Great Moments in the History of Crypto Scams

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People who think humor has no role in the financial services business obviously have not been monitoring the crypto world.

If they were, they would see some things worthy of any comedy act.

Consider the following:

  • A crypto with the same name as the new Covid variant, Omicron, spiked in price by 400% after buyers thought it was linked to the virus.  A report in CoinTelegraph said “a relatively obscure cryptocurrency called Omicron (OMIC) has surged to an all-time high as of Monday as a new fast-spreading COVID-19 variant got christened with the same name.”  Being named after a contagious virus apparently has brand value.  And just to prove how hip this crypto is, it also has a very elite pedigree.  The site says Omicron is a recently introduced decentralized reserve currency protocol that runs on the Ethereum layer-two network Arbitrum. Its native OMIC token is backed by several other crypto assets including the USD Coin (USDC) stablecoin and liquidity provider tokens.”  And just to make the crypto even more esoteric, it only trades on the SushiSwap decentralized exchange.
  • Forbes reports that “an amateurish crypto project inspired by the viral Squid Game TV show but unaffiliated with it or Netflix NFLX -0.1%saw its squid cryptocurrency add many thousands of percent before crashing back to almost nothing.”
  • Who cares about market capitalization as a measure of  an investment’s viability?  Apparently no one in the crypto world.  Forbes also reports that “the price of omicron’s omic coin has soared from around $50 to almost $400 in the last few days, as measured by cryptocurrency price data tracker CoinGecko. Despite its surge, neither CoinGecko nor the Crypto.com bitcoin and crypto exchange has enough data on omicron to give it a market capitalization.” But that doesn’t matter. Just buy it anyway.
  •  A crypto buyer told CNBC he bought “a meme coin” called unisocks, or $SOCKS, which is “a digital token representing a claim on a physical pair of socks.”
  • Alexis Ren, who calls herself a “social media model” and has appeared as a swimsuit model and contestant on Dancing With the Stars, made the suspect crypto news media when she said, “the economic structure we have been living on is a lie and it’s delusional, and it’s just an agreement, and so we need to find something better, and I think bitcoin and cryptocurrency are that.” According to Yahoo Finance, Ren said that the world’s current “’economic ‘agreement’ (maybe she means hard currencies) that had been in
    Another great crypto advisor

    place for a ‘very long time’ needed to be changed for something new and acknowledged that was ‘scary.’” She advocated crypto. Ren, who posts on Instagram where she gives physical fitness advice, is now pushing crypto because….well, we don’t really know. The saddest thing about Ren’s comments is that they were taken seriously by financial sites, such as Business Insider and about six other crypto/social media sites as a credible financial commentator. These sites repeated Ren’s comments that “the US economy is based on lies.’ Ren is advocating that her followers on Instagram invest “a little” money in cryptocurrencies every month, “and then forget about it.”  This is great investment advice and should be followed by her crypto fans as they go all the way off the cliff.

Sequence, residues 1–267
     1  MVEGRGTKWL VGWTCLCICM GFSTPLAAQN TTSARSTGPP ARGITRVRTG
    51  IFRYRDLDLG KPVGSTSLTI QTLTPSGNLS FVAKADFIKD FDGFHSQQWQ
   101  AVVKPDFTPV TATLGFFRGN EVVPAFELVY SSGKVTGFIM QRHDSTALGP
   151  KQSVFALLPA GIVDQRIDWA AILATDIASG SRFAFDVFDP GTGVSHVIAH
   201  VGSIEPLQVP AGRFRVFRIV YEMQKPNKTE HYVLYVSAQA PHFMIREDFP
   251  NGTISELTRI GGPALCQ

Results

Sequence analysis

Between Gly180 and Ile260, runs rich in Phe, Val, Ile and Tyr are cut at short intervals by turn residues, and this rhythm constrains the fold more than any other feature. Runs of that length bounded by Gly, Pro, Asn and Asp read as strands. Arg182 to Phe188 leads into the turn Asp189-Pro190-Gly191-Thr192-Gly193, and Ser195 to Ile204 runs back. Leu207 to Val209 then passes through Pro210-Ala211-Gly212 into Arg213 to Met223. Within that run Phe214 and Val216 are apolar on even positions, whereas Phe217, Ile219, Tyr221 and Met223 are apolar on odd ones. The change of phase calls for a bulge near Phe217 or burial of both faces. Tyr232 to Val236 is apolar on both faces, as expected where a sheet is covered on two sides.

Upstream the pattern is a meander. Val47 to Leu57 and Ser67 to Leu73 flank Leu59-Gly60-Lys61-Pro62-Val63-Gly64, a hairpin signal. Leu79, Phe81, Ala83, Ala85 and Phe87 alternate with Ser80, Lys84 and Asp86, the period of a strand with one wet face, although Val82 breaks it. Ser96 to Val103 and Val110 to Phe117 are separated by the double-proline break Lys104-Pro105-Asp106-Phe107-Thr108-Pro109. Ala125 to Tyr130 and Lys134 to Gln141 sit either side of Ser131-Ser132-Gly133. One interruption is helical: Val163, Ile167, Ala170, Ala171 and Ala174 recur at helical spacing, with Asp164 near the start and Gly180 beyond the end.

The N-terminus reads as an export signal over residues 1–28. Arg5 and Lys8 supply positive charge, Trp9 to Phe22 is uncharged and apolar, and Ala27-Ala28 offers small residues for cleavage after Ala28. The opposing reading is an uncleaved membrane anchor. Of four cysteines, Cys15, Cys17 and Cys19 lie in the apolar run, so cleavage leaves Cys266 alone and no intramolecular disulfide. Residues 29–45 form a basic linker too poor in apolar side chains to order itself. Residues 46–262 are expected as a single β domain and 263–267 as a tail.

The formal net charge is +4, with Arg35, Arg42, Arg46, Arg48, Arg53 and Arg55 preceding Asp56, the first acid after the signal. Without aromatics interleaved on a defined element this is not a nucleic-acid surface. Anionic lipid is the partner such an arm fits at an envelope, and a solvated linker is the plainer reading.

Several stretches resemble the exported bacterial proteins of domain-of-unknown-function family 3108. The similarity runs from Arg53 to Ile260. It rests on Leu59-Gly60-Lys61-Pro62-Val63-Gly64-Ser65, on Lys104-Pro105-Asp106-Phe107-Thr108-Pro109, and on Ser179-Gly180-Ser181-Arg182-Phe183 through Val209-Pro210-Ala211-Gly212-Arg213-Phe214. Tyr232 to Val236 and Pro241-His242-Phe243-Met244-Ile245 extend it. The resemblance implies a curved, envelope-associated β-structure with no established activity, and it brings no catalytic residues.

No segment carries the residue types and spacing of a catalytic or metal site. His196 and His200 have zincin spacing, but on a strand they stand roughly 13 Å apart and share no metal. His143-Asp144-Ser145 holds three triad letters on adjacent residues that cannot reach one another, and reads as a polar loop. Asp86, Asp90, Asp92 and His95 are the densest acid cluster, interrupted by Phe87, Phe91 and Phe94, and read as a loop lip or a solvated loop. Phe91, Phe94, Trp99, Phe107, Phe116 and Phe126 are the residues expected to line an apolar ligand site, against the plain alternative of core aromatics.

• Finally, crypto is gaining in popularity at the same time that online gambling, tax evasion, money laundering, and income inequality are all hitting new records. It’s no accident that regulators are way behind the curve here. Tax evasion is a big global industry and crypto is an essential part of that practice. The crypto hype is just part of that plan.
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Chuck Epstein has managed marketing communications and public relations departments for major global financial institutions and participated in the launch of industry-changing financial products. He also has written by-lined articles for over 50 publications, five books and served as editor and publisher of nation’s first newsletter on the topic of using the PC for personal investing and trading. (“Investing Online, 1994-1999). He also is a marketing consultant, writer and speaker on topics related to investor protection and opportunities in the very dynamic cannabis industry. He has held senior-level marketing, PR and communications positions at the New York Futures Exchange, Chicago Mercantile Exchange, Lind-Waldock, Zacks Investment Research, Russell Investments and Principal Financial. He has won national awards from the Mutual Fund Education Alliance (MFEA) and his web site, www.mutualfundreform.com, was named best small blog in 2009 by the Society of American Business Editors and Writers (SABEW).

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